Children can carry coronavirus in their noses and throats for weeks even if they don’t show any symptoms, South Korean researchers said last week.
“In this case series study, in apparent infections in children may have been associated with silent COVID-19 transmission in the community,” the researchers wrote in a new study.
The study, published in the journal JAMA Pediatrics included data on 91 asymptomatic, presymptomatic and symptomatic children diagnosed with Covid-19 between February 18 and March 31 at 22 centers throughout South Korea.
Among those patients, 20 of them did not show any obvious symptoms and remained asymptomatic throughout the study.
Another 18 children were presymptomatic, meaning they didn’t look or feel sick at the time but eventually got symptoms later.
In total, more than half of the children, 71 kids did show symptoms, which included fever, cough, diarrhea, abdominal pain and loss of smell or taste, among other symptoms. The duration of the symptoms appeared to vary, ranging from one to 36 days.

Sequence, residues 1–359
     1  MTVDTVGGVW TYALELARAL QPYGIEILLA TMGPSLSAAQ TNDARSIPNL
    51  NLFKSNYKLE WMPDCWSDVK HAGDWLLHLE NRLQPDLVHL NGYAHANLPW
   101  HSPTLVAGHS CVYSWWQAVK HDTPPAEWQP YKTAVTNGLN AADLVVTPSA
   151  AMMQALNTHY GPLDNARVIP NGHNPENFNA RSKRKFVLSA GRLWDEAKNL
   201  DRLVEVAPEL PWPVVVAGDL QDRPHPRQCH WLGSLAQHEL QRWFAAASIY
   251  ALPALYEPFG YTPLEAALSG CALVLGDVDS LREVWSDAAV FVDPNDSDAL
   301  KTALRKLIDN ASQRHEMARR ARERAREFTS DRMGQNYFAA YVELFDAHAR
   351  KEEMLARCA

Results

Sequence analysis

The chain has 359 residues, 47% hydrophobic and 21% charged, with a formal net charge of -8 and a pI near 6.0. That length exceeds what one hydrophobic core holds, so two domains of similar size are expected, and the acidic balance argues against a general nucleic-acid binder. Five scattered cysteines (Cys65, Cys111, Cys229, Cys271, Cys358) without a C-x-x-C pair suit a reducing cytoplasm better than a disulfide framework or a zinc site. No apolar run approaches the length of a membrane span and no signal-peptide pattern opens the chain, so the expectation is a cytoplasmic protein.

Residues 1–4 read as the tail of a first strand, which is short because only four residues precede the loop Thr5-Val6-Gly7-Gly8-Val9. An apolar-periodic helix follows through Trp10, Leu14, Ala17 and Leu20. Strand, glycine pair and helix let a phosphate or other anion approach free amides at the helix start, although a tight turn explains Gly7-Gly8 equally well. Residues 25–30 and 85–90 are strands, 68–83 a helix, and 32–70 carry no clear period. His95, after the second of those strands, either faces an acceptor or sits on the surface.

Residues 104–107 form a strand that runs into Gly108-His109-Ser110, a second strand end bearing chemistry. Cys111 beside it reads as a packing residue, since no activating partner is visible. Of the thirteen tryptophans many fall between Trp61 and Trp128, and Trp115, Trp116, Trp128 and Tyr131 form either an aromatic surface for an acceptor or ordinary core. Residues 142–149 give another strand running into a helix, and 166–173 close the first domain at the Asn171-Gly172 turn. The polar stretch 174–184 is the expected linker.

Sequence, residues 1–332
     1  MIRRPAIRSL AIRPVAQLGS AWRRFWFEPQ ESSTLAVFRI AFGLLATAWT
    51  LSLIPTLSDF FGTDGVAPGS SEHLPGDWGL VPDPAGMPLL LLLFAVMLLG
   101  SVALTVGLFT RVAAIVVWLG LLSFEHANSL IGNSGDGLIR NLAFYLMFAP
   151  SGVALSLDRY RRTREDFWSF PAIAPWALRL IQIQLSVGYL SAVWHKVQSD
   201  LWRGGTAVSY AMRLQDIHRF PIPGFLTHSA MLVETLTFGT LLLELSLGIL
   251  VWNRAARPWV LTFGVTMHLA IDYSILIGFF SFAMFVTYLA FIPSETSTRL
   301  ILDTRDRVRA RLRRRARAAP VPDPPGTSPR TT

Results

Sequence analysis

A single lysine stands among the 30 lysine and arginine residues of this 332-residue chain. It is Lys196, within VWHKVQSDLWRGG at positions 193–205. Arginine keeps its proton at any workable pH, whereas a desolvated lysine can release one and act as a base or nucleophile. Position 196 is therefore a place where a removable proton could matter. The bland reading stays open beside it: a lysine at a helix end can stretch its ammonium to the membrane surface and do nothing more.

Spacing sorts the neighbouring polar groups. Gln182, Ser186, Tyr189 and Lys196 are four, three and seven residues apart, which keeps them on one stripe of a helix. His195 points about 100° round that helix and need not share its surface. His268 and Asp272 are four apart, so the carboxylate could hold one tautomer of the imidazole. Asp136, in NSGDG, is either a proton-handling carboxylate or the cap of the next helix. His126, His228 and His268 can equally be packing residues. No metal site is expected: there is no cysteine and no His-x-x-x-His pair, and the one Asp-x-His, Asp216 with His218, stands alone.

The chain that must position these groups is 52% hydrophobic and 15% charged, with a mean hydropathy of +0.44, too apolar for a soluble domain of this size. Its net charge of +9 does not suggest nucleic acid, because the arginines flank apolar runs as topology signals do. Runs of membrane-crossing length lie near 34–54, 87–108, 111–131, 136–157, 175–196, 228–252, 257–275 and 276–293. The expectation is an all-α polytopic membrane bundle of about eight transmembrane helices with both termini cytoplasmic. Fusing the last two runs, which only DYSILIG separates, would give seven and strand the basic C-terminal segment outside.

“This suggests that even mild and moderately affected children remain symptomatic for long periods of time,” DeBiasi and Delaney wrote in the editorial.
The data showed that only 8.5% of those patients with symptoms were diagnosed with Covid-19 at the time their symptoms began. Most(66%) of the patients with symptoms had symptoms that were not recognized before they were diagnosed, and 25.4% developed symptoms after they were diagnosed.
“This highlights the concept that infected children may be more likely to go unnoticed either with or without symptoms and continue on with their usual activities, which may contribute to viral circulation within their community,” DeBiasi and Delaney wrote.
The study found genetic material from the virus was detectable in the children for a mean of 17.6 days overall. Even in the children who had no symptoms, the virus was detectable for 14 days on average. It’s also possible that the virus remained in the children even longer, the study said, because the date of initial infection wasn’t identified.